22 July 2012

Javier Marías

[from Javier Marías's A Heart So White, tr. Margaret Jull Costa, New Directions, 1992]

Real togetherness in married couples and indeed in any couple comes from words, not just the words that are spoken — spoken involuntarily — but the words one doesn't keep to oneself — at least not without the intervention of the will. It isn't so much that there are no secrets between two people who share a pillow because that's what they decide — what is serious enough to constitute a secret and what is not, if it is not told? — rather it's impossible not to tell, to relate, to comment, to enunciate, as if that were the primordial activity of all couples, at least those who have become couples recently and are still not too lazy to speak to one another. It isn't just that with your head resting on a pillow you tend to remember the past and even your childhood, and that remote and quite insignificant things surface in your memory, come to your tongue, and that all take on a certain value and seem worthy of being recalled out loud; nor that we're disposed to recount our whole life to the person resting their head on our pillow, as if we needed them to be able to see us from the very beginning — especially from the beginning, that is, from childhood — and to witness, through our telling, all those years before they knew us and during which time, we now believe, they were waiting for us. Neither is it simply a desire to compare, to find parallels or coincidences, the desire to know where each of you was in all the different eras of your two existences and to fantasize about the unlikely possibility of having met each other before; lovers always feel that their meeting took place too late, as if the amount of time occupied by their passion was never enough or, in retrospect, never long enough (the present is untrustworthy), or perhaps they can't bear the fact that once there was no passion between them, not even a hint of it, while the two of them were in the world, swept along by its most turbulent currents, and yet with their backs turned to each other, without even knowing one another, perhaps not even wanting to. Nor is it that some kind of interrogatory system is established on a daily basis which, out of weariness or routine, neither partner can escape, and so everyone ends up answering the questions. It's rather that being with someone consists in large measure in thinking out loud, that is, in thinking everything twice rather than once, once with your thoughts and again when you speak, marriage is a narrative institution. Or perhaps it's just that they spend so much time together (however little time that is amongst modern couples, it still amounts to a lot of time) that the two partners (but in particular the man, who feels guilty if he remains silent) have to make use of whatever they think and whatever occurs to them or happens to them in order to amuse the other person; thus, in the end, there's not a single tiny corner of all the events and thoughts in an individual's life that remains untransmitted, or rather translated matrimonially. The events and thoughts of the others are transmitted too, those they've confided to us in private, that's where the expression "pillow talk" comes from, there are no secrets between people who share a bed, the bed is like a confessional. For the sake of love or its essence — telling, informing, announcing, commenting, opining, distracting, listening and laughing, and vainly making plans — one betrays everyone else, friends, parents, brothers and sisters, blood relations and non-blood relations, former lovers and beliefs, former mistresses, your own past and childhood, your own language when you stop speaking it and doubtless your country, everything that anyone holds to be secret or perhaps merely belongs to the past. In order to flatter the person you love you denigrate everything else in existence, you deny and abominate everything in order to content and reassure the one person who could leave you; so great is the power of the territory delineated by the pillow that it excludes from its bosom everything outside it, and it's a territory which, by its very nature, doesn't allow for anything else to be on it except the two partners, or lovers, who in a sense are alone and for that very reason talk and hide nothing — involuntarily. The pillow is round and soft and often white and after a while that roundness and whiteness become a replacement for the world and its weak wheel.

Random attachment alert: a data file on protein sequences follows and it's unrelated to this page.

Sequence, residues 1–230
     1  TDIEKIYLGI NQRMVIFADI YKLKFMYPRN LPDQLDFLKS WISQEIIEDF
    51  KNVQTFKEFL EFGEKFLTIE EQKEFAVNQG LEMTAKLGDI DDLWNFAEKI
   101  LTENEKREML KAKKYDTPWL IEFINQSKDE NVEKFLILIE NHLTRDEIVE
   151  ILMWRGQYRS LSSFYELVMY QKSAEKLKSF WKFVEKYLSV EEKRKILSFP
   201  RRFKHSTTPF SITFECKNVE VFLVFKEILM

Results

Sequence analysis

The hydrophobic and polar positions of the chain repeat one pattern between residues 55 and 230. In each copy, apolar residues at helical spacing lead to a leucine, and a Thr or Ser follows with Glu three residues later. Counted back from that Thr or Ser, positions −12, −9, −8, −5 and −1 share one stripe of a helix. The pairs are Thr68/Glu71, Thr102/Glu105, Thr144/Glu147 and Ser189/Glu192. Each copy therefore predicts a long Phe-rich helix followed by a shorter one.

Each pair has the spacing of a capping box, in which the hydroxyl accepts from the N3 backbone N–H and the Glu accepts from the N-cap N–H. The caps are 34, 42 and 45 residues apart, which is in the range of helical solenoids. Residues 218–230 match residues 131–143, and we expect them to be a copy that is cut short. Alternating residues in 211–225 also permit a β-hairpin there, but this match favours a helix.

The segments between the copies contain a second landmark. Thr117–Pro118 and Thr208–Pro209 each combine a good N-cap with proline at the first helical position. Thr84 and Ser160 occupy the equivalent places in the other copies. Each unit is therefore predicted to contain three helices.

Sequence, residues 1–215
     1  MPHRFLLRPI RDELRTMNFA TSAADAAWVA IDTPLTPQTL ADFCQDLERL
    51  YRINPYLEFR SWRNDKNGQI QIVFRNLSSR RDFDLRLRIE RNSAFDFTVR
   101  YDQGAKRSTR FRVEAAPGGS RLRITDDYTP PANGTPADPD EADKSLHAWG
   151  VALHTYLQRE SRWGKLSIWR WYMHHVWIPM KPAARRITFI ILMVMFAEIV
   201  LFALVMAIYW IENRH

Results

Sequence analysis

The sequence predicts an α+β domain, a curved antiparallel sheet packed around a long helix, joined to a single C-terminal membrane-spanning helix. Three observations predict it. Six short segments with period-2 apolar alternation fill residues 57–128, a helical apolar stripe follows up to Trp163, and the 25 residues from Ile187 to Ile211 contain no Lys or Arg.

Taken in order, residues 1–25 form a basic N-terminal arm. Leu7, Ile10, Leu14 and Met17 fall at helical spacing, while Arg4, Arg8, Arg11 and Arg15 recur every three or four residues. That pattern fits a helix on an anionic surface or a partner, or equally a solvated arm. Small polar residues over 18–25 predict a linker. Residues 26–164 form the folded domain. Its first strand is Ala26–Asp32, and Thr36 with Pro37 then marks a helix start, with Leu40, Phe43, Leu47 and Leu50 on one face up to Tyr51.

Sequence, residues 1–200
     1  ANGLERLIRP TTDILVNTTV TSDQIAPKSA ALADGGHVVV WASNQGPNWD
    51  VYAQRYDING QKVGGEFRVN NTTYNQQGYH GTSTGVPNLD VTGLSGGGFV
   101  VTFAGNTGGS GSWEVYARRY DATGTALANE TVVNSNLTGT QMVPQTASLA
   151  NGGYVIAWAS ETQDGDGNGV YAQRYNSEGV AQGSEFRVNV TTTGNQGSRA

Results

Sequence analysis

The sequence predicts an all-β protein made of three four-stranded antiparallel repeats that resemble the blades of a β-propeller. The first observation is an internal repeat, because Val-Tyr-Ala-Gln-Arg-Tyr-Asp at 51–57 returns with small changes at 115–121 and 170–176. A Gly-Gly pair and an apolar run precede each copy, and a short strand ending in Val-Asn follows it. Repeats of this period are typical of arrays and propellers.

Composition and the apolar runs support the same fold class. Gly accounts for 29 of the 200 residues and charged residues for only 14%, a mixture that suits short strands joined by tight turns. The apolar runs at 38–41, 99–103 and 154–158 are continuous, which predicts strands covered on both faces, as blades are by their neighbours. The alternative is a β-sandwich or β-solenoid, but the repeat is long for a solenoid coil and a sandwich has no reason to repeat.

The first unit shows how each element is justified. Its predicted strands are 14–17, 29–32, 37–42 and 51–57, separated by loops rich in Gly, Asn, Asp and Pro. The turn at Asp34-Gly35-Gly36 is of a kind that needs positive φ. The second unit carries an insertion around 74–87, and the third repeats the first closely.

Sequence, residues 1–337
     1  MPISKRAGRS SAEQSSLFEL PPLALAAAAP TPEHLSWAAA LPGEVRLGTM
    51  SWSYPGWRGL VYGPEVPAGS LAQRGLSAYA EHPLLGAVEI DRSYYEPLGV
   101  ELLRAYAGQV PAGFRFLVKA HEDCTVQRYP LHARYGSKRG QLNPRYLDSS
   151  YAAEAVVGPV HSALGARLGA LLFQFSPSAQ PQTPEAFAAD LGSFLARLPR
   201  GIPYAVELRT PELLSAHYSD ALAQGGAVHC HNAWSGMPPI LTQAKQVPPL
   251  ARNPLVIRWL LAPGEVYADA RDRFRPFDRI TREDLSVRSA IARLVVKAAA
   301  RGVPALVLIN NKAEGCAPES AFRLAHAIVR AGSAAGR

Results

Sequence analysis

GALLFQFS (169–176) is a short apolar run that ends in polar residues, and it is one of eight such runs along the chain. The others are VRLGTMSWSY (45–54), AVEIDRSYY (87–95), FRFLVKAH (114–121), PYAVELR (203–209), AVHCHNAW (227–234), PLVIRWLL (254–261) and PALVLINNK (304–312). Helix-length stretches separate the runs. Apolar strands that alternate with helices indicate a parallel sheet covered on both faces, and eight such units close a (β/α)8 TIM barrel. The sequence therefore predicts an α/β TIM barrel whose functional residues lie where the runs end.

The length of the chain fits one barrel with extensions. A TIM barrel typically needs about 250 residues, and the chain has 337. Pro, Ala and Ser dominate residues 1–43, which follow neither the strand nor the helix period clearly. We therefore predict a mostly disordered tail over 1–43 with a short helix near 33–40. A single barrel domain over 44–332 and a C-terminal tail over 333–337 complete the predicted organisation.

Javier Marías

Margaret Jull Costas

1 comment:

  1. Perhaps we talked too much back then, back when we talked and told each other secrets. We no longer have that desire, nor need to. We eat with out speaking, talk only when necessary, sleep back to back on separate pillows. We are growing old and growing apart.

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